14 July 2021
by Kirill Koroteev, head of international practice at Agora International Human Rights Group
Yesterday, everyone was excited by the news that the European Court of Human Rights [ECtHR] had ordered Russia to recognise same-sex marriage. The headlines are exciting, the details – as usual – disappear.
No, it’s not an order and not marriages. Yes, by virtue of international law, Russia has been obliged to recognise same-sex unions for several years already. And no, the new text of the Constitution doesn’t prevent the recognition of these unions.
Eleven years after the first complaint was filed, the ECtHR has finally considered several cases filed by same-sex couples. Previously, they tried to achieve recognition of their relationship by the Russian state, but were refused.
While the complaints were pending in Strasbourg, the ECtHR decided several cases, where it established a clear position that a blanket lack of recognition of same-sex couples is discriminatory. For example, in a case against Poland from back in 2010, the Court found a violation of the prohibition of discrimination under the Convention, because on the death of one spouse, the other could inherit the deceased’s lease under the same conditions, while the same-sex partner of a deceased tenant ended up homeless.
The principle was most clearly articulated in 2015 in the case of Oliari v Italy, where the absence of any recognition of a relationship between two people of the same sex was found to be a violation of the right to privacy. After the Oliari case, there was no ambiguity, and this practice was consistently applied to different countries that did not yet recognise either civil partnerships or alliances in any other form. The ECtHR – unlike, for example, the US Supreme Court – does not require the recognition of same-sex marriages specifically, but some form of civil union, which doesn’t necessarily require the same scope of rights as spouses in marriage.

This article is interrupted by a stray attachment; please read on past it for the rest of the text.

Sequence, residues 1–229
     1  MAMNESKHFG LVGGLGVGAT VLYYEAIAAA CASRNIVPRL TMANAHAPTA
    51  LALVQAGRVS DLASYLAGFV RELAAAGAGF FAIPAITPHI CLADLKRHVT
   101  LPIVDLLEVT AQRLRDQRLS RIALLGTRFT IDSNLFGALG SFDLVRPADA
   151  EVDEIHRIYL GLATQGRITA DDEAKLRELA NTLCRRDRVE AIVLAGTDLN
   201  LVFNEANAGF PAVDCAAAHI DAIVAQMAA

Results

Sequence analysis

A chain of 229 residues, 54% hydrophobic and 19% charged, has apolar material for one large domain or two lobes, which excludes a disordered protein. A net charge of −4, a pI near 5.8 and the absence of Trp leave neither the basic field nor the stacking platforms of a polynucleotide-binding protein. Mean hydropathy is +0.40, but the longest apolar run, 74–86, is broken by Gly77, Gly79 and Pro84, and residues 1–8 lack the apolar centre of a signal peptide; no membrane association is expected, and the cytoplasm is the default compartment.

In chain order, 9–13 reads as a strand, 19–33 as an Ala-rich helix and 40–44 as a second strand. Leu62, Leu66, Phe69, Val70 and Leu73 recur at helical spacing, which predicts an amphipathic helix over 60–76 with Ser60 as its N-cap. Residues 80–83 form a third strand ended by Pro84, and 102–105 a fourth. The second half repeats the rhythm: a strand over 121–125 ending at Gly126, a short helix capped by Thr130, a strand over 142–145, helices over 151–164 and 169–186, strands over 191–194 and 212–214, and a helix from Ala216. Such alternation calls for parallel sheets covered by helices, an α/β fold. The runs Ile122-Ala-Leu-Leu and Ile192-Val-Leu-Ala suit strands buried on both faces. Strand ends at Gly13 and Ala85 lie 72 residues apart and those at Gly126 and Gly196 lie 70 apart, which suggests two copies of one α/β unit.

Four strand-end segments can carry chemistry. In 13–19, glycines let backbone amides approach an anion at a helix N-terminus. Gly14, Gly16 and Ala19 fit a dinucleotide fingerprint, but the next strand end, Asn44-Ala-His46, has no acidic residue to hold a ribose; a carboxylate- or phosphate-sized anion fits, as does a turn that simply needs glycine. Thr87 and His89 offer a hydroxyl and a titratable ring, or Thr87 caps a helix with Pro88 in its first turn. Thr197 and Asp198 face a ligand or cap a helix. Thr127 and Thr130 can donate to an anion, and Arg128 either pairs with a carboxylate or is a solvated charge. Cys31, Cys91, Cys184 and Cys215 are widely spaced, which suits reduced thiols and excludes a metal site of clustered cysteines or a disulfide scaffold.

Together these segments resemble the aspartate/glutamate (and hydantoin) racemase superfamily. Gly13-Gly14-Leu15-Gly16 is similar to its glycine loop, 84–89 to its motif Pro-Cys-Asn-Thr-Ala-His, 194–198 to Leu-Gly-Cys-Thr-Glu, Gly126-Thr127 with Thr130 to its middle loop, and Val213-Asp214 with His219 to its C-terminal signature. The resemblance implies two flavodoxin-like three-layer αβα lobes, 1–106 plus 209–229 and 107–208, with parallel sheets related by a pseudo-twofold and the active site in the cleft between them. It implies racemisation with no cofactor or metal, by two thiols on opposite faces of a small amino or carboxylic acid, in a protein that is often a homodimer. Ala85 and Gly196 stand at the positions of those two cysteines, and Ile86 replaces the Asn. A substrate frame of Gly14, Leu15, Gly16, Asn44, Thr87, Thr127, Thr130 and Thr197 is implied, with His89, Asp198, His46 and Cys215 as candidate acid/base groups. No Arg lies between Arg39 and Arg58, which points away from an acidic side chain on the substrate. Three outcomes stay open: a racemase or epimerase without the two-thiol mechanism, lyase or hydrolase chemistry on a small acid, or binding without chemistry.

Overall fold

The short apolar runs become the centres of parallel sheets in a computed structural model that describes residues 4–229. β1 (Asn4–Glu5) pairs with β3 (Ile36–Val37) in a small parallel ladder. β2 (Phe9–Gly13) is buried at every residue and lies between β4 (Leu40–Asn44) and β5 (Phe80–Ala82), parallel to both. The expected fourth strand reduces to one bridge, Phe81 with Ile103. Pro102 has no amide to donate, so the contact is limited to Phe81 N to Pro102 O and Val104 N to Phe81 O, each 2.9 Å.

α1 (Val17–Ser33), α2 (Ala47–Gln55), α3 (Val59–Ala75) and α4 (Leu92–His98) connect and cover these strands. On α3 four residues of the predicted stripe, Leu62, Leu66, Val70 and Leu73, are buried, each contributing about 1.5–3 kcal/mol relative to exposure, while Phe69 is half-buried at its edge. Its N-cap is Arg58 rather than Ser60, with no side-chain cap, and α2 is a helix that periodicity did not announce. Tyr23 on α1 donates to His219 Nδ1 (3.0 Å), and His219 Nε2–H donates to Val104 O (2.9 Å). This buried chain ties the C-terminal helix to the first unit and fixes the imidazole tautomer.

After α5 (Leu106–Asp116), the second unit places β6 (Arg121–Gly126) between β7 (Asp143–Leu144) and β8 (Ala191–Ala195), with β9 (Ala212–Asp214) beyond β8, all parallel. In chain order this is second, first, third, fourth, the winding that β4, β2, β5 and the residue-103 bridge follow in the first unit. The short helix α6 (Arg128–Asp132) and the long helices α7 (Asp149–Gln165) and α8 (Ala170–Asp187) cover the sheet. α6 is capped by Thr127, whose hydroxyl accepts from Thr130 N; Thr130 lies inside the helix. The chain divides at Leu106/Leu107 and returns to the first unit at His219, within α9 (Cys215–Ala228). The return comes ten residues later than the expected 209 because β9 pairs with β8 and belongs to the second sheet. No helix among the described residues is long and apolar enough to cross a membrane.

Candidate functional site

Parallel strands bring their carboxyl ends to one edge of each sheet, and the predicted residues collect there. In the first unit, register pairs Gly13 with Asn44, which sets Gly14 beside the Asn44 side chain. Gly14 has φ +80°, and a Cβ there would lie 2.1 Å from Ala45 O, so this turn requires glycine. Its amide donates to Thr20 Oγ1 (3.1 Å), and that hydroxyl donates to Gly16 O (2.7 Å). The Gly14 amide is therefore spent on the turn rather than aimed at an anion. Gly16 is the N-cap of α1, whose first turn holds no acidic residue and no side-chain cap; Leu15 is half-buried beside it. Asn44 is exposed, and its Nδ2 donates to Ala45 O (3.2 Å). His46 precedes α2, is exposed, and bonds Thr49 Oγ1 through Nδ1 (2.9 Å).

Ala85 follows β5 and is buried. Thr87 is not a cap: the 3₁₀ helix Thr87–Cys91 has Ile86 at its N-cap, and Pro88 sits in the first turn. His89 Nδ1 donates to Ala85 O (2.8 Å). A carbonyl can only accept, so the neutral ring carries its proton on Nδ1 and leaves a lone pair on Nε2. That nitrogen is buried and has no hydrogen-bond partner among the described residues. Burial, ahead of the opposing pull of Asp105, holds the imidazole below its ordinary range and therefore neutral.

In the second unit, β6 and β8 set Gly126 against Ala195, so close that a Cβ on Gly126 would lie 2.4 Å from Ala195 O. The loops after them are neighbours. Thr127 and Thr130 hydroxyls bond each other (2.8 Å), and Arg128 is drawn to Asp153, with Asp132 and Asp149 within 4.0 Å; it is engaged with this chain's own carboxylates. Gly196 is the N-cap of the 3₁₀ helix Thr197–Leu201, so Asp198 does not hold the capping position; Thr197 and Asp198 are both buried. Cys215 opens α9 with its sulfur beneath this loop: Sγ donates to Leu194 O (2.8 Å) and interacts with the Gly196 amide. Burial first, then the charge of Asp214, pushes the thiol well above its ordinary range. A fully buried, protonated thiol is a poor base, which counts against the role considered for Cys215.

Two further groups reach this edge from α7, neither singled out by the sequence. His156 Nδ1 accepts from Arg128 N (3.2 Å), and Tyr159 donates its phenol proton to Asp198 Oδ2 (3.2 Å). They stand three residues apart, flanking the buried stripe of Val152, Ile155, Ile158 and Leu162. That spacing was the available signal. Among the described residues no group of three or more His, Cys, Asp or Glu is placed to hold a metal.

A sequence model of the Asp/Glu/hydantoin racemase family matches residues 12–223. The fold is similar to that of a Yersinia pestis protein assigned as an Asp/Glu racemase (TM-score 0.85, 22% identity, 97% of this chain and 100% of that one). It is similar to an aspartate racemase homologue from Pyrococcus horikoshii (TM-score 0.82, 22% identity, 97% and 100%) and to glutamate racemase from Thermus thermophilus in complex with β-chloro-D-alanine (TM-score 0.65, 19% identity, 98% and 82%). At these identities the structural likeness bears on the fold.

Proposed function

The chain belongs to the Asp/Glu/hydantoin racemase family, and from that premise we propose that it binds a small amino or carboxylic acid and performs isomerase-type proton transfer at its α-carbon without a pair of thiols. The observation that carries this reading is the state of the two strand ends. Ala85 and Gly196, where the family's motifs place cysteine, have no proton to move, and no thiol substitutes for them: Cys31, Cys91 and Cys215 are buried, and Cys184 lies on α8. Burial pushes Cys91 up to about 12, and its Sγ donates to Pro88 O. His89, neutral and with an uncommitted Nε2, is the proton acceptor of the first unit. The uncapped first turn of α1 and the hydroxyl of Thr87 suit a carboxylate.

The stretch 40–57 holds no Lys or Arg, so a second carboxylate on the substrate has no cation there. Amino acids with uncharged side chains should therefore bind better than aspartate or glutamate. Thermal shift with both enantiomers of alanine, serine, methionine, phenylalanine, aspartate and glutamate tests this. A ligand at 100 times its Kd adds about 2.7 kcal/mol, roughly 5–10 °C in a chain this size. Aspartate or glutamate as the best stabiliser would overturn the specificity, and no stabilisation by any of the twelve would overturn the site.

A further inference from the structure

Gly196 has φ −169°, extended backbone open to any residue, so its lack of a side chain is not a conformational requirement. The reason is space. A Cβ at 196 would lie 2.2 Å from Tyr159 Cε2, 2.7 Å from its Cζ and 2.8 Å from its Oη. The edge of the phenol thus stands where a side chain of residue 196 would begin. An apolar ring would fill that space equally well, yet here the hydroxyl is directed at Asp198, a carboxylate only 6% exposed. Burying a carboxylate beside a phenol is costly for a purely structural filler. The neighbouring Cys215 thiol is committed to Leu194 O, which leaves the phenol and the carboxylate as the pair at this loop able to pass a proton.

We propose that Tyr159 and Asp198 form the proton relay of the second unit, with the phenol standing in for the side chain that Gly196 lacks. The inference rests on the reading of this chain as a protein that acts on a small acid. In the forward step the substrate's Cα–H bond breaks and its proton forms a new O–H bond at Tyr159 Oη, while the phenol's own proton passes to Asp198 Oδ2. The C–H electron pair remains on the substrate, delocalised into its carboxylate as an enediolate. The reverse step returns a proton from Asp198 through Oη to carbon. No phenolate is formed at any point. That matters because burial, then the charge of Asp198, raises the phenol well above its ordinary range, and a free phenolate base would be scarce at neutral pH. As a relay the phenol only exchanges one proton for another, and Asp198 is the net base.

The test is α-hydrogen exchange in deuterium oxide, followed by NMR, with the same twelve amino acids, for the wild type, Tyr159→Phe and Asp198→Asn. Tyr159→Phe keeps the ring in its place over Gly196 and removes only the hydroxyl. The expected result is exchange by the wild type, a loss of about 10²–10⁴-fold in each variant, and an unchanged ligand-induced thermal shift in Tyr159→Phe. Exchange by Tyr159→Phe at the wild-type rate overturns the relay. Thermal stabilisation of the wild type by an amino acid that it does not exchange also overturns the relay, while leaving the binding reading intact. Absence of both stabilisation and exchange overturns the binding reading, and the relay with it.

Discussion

The decision against Russia is therefore based on an already established practice that arose not yesteryday, but six to ten years ago, and therefore is entirely expected, and was adopted unanimously, including by a judge from the Russian Federation. Russian judge Dmitry Dedov has previously spoken out directly in favour of legalising partnerships. He noted that ‘the legal recognition of such partnerships can be a starting point for protection of all other needs usually arising between family members.’
If we return to yesterday’s decision of the ECtHR, the reference to the Russian law on the protection of minors from propaganda has been rejected by the Court many times, and public opinion cannot serve as a justification for refusing to exercise rights.
It is important that the Constitution of the Russian Federation, even as amended in 2020, does not interfere with the implementation of yesterday’s decision in Fedotova and others v Russia. The Basic Law now enshrines the protection of marriage between a man and a woman among the subjects of the joint jurisdiction of the Federation and its subjects, but no prohibition of same-sex civil unions follows from this. Yesterday the Court added the reminder that traditional heterosexual marriage will not suffer because people of the same sex can register their relationship.
Translated by Mercedes Malcomson